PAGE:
<>Those reasons, I think, don’t function to proportionally offset or outweigh the double effect of evil that occurs by abstaining. The reasons just themselves show that there is no contraceptive mentality. If you have serious reasons to abstain, you’re not left with an evil effect that you cooperated in but reluctantly accept.<>Well, I agree that this pertains to <>intentions<>. But the actual material effect of one’s vote on the election outcome and thus the gravely evil policies with which one cooperates is extremely remote; so it seems reasonable to me that (setting aside outcome-independent material effects) intentions would play the larger role here too. It isn’t just a matter of how language is used by the Magisterium, but rather is about moral gravity as introduced by intentions; though I agree that the correspondence is not one-to-one.I think a Catholic in Bishop Finn’s diocese is in a tougher position simply because of how his Bishop spoke about the matter. But I was using <>Faithful Citizenship<> as the backdrop of the post, since it was what you invoked in your argument.Still, I haven’t come down on one side or another, or on some third way for that matter. I think the whole subject matter is interesting and largely unexplored. Thanks for throwing an interesting argument on the griddle.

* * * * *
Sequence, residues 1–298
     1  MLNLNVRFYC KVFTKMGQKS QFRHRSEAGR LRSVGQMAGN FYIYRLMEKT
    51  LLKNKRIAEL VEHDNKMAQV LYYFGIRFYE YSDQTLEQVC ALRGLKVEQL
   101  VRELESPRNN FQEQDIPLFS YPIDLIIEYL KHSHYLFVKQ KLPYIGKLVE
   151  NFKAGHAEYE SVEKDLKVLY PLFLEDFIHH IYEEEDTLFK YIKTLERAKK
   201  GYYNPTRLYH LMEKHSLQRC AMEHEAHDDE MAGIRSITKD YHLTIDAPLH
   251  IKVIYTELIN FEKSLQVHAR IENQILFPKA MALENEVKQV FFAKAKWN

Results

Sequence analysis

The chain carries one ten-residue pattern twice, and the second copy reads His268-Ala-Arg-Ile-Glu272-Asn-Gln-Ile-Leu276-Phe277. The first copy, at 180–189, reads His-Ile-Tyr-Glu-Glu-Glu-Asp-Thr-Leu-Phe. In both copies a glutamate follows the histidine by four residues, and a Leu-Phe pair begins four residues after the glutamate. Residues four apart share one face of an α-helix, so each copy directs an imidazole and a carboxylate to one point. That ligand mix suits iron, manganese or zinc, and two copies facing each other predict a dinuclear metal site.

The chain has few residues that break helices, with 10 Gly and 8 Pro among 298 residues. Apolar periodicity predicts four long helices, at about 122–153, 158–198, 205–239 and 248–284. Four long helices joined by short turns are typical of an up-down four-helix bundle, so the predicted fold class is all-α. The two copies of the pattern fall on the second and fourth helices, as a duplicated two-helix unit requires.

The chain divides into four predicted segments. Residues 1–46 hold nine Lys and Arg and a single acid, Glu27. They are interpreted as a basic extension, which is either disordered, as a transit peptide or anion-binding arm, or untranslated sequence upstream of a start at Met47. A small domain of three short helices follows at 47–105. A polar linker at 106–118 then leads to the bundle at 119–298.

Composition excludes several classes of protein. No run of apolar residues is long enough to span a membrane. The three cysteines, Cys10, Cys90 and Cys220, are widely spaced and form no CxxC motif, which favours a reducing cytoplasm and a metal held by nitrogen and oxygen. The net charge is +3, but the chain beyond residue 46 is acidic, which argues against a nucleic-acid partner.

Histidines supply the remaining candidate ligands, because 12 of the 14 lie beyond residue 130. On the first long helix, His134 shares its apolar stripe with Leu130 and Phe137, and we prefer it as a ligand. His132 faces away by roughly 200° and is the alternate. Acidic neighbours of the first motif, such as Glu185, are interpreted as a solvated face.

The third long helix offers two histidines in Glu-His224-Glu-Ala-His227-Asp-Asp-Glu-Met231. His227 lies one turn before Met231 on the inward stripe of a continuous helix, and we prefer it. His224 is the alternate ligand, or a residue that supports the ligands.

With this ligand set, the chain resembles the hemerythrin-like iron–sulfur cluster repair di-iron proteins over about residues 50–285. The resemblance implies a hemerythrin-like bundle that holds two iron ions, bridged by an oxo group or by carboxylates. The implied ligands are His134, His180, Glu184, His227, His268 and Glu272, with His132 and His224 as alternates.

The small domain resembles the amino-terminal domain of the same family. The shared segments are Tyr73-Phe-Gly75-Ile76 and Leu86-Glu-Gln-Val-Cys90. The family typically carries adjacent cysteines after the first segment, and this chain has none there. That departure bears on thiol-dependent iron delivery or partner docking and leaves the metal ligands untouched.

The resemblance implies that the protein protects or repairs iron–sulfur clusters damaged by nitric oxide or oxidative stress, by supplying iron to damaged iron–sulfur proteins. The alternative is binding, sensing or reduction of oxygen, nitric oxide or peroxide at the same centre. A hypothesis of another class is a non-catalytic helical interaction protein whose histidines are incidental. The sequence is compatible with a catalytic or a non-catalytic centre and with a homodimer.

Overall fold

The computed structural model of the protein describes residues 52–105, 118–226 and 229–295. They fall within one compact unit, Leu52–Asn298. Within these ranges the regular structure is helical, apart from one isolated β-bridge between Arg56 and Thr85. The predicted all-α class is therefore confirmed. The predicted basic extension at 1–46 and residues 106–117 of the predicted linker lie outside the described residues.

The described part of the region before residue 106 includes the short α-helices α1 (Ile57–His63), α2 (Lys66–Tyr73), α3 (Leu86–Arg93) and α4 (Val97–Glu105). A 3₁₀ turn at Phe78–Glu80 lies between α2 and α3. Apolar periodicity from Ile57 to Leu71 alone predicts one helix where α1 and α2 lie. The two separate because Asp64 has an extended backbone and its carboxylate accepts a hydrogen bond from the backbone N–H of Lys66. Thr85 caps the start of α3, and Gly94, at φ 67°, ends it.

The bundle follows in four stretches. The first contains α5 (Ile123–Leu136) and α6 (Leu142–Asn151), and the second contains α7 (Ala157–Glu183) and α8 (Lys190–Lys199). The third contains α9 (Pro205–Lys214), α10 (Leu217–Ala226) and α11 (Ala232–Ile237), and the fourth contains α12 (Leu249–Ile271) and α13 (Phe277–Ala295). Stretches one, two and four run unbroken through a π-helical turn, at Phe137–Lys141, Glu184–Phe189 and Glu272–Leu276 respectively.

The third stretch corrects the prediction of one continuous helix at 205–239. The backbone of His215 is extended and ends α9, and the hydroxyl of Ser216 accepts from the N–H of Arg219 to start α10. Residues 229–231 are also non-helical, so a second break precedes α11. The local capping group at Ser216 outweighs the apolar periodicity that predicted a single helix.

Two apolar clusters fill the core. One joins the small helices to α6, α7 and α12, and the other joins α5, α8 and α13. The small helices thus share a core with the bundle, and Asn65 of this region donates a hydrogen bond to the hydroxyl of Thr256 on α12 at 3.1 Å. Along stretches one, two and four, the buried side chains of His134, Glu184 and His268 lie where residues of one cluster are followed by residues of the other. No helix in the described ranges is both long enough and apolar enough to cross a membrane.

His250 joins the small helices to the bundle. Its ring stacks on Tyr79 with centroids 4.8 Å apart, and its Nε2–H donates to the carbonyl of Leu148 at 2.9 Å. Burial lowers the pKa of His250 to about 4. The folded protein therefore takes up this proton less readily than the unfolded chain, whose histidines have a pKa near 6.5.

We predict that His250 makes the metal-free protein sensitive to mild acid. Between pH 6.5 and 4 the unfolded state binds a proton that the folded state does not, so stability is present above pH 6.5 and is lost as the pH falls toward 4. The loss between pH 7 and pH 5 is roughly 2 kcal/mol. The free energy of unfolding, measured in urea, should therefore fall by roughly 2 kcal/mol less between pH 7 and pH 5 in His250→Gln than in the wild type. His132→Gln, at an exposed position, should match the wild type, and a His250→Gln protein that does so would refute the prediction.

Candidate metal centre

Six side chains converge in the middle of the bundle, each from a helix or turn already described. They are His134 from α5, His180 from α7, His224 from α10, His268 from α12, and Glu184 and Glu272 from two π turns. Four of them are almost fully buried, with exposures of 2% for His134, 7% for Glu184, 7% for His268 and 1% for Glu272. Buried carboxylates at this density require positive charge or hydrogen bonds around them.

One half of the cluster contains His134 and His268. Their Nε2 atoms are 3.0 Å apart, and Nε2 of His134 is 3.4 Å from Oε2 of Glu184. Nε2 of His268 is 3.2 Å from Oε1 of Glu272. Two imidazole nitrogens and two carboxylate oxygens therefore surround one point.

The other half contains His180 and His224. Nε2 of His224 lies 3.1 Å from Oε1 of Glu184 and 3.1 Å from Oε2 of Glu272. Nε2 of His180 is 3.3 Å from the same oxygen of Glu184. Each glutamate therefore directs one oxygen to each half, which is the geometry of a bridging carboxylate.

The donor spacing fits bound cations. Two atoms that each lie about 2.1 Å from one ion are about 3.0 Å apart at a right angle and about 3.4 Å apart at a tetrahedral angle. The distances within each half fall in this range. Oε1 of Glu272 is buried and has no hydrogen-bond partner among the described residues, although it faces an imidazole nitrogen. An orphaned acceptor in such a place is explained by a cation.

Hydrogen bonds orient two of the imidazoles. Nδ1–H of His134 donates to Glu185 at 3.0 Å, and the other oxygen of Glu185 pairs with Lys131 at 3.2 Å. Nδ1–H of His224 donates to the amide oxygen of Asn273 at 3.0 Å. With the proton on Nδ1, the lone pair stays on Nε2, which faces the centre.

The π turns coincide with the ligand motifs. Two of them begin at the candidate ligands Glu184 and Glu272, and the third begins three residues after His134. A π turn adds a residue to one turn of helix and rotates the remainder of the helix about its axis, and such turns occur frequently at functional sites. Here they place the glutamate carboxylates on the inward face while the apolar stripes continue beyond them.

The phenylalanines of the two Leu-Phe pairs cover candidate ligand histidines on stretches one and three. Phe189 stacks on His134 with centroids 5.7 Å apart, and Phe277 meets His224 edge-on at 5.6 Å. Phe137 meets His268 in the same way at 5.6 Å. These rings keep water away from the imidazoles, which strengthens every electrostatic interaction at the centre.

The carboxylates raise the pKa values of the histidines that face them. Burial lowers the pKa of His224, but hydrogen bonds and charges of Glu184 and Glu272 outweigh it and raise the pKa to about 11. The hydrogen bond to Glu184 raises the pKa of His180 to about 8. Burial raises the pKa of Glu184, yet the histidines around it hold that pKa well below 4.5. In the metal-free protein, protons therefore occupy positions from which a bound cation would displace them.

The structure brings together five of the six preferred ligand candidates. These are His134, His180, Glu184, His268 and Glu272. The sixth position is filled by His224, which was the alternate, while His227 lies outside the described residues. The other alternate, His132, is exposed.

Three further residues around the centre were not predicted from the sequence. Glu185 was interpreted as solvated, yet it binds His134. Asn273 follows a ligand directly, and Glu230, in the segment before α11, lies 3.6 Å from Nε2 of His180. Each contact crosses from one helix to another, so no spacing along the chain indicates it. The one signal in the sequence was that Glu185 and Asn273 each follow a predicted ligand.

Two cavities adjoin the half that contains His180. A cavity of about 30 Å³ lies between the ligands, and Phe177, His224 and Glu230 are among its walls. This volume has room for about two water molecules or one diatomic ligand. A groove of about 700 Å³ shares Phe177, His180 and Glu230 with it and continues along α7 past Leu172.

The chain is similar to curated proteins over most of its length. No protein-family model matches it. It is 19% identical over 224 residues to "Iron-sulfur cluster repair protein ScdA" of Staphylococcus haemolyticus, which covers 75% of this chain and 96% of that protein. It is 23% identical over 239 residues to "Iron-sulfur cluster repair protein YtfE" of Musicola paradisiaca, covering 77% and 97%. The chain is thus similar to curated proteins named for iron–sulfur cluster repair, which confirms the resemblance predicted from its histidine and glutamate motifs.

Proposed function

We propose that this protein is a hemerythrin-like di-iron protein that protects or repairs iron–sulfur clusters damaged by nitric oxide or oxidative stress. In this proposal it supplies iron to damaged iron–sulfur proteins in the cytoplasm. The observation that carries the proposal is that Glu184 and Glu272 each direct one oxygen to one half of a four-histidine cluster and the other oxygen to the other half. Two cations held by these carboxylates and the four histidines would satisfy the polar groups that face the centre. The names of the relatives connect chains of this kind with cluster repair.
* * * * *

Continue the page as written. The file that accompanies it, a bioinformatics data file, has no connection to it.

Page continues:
• Anonymous says:

    “But the actual material effect of one’s vote on the election outcome and thus the gravely evil policies with which one cooperates is extremely remote; so it seems reasonable to me that (setting aside outcome-independent material effects) intentions would play the larger role here too.”Whatever happened to an act being an act cooperating with evil regardless of intentions?Also, I find it incredible that you would actually deem those who brought Hitler to power, knowing of his agenda to kill off the Jews, are guilty of nothing more than a <>white lie<>!If Vox Nova is “Debate Club at Auschwitz”, you’re nothing other than “ZIPPY FOR HITLER”!You’re better than this Zippy!